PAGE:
As many as two thirds of all psychiatric patients do not respond well to treatment with drugs. While compliance and frequent side effects play a major role, there are also genetic variations which determine whether serious side effects occur, and which can also prevent medication from working. An international consortium, in which
Prof. Martien Kas
) is partner, is to conduct a pharmacogenomic study to establish the relationship between response to treatment and genetic background. The University of Maastricht is coordinator. The research project was recently awarded EUR 8 million in European funding.
Kas receives EUR 382,000 for his part in the project.
The international consortium, which apart from Maastricht University also includes the University of Groningen and the mental healthcare provider Parnassia Groep, will use artificial intelligence to map pharmacogenomic characteristics. At the same time, it will conduct a large-scale clinical study among people suffering from depression, psychosis, or anxiety, again using artificial intelligence to create an algorithm to personalise drug prescriptions, thus reducing side effects and increasing efficacy.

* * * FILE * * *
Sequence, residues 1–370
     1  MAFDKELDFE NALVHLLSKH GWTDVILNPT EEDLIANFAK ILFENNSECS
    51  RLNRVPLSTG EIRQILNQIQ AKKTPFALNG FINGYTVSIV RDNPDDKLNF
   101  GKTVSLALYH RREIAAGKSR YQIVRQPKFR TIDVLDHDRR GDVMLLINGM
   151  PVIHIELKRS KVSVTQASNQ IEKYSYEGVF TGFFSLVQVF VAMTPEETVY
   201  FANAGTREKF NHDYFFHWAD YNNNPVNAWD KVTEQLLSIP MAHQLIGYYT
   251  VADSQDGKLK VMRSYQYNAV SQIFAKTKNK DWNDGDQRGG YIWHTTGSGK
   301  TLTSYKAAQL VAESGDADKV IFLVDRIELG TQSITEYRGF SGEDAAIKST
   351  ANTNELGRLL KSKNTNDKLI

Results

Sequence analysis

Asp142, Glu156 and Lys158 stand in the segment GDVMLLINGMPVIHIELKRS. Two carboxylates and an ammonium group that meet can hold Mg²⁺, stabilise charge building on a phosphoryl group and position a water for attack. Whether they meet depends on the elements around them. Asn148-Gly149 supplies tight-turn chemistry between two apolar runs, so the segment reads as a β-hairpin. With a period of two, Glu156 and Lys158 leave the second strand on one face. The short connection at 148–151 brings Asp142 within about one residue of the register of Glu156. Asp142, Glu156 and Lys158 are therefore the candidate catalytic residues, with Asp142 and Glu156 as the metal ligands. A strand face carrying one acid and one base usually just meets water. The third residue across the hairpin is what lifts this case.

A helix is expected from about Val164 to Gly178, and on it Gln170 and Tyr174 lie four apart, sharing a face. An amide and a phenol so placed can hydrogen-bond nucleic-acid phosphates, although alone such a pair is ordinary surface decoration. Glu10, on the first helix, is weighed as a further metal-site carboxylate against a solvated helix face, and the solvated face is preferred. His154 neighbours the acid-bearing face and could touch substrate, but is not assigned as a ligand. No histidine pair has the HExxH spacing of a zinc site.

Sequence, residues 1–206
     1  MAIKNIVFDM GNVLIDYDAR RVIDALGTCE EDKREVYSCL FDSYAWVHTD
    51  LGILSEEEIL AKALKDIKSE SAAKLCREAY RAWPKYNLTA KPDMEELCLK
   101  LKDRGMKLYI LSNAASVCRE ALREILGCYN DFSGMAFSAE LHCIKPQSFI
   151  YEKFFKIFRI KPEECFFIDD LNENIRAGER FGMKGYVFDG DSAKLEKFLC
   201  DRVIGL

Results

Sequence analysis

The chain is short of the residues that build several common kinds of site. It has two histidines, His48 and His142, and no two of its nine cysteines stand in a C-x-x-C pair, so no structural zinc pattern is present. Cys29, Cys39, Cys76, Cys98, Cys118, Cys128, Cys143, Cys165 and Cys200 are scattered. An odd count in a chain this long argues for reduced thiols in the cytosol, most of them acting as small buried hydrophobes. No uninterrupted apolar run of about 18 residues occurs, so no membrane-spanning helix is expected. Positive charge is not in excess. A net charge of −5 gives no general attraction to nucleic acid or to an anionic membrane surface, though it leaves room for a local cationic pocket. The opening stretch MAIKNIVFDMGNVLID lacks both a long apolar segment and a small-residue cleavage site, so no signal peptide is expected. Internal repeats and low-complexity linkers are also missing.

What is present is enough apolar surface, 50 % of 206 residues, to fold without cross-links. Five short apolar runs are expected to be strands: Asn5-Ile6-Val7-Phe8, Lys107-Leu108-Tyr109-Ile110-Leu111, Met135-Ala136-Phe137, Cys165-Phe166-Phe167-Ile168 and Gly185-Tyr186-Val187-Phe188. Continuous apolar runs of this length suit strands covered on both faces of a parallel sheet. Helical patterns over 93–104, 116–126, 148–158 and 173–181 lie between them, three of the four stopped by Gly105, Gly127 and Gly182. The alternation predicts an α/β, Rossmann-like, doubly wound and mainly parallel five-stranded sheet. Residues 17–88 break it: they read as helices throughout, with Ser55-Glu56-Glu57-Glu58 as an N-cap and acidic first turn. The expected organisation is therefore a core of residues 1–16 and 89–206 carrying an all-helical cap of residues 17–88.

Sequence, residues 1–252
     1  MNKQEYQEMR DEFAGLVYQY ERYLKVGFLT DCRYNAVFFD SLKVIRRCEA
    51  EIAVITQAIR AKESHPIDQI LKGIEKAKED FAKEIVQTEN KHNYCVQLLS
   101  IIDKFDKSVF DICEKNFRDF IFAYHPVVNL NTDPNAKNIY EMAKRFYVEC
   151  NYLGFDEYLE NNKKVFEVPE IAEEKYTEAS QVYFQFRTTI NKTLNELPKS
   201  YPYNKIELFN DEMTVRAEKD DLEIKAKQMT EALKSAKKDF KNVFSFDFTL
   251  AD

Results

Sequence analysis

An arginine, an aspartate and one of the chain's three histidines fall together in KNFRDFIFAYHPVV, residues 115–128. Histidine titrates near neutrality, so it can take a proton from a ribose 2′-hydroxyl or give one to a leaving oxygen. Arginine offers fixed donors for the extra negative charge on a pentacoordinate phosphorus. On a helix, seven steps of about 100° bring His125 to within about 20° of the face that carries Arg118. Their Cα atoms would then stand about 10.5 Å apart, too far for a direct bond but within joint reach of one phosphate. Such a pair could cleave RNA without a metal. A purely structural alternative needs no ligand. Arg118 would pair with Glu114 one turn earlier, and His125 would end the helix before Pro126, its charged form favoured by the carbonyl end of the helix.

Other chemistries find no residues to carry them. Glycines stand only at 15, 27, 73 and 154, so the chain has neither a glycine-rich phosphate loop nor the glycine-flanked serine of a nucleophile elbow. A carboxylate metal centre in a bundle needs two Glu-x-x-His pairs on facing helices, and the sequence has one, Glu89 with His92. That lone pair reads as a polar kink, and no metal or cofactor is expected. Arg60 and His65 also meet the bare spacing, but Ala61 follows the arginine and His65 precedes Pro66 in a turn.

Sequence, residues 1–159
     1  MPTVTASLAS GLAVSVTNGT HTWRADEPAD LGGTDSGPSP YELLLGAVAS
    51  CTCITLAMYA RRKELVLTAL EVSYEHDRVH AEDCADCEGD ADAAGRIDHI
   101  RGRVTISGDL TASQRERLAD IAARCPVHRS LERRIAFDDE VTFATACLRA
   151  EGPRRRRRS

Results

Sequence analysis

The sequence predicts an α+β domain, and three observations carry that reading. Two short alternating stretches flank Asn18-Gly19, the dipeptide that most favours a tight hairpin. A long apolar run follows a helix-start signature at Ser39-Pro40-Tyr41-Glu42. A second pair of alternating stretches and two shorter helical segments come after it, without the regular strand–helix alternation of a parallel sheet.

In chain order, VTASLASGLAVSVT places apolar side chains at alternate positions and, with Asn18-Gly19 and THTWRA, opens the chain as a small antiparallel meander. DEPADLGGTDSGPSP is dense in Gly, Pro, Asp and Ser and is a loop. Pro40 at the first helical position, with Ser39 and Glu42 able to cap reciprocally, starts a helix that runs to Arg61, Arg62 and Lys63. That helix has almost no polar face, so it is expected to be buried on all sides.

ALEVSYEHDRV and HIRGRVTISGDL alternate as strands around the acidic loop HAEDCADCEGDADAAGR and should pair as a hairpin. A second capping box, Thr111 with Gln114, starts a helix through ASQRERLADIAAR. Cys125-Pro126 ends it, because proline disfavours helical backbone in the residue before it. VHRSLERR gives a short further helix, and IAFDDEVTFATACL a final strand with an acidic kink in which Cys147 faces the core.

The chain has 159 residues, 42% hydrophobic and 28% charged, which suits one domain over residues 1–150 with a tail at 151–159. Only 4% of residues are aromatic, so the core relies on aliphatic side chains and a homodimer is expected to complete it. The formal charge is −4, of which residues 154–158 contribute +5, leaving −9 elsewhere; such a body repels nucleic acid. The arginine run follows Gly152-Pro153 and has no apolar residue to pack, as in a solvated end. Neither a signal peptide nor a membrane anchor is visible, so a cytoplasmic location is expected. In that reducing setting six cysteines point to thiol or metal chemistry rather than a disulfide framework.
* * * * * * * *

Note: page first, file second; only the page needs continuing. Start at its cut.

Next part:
The research group of Prof. Martien Kas (GELIFES) is involved as a partner in this EU project with their BEHAPP smartphone application for real-world assessments of human behaviour. The BEHAPP app will be implemented in the clinical trial for passive and active patient monitoring in daily psychiatric care in 9 inclusion sites across Europe. Based on the longitudinal collected smartphone data, BEHAPP behavioural endpoint measures will be derived and will be integrated in the project with other quantitative biological measures to develop an implementation strategy of pharmacogenetics-based personalised medicine in psychiatry.
Due to the chronic and recurring nature of psychiatric disorders, paired with overall increasing life expectancy, the social burden of mental illness will only continue to increase. This development shows the need to make medication in psychiatry more effective. Pharmacogenomics is the field that aims to use a knowledge of variations in human DNA to explain why medicines cause many side effects in some people and/or show little or no efficacy in others. Variations in DNA can lead to differences in the activity of proteins that enable the body to absorb drugs. Although pharmacogenomics is increasingly being applied in the Netherlands, for example in oncology, until now it has hardly been used in psychiatry.
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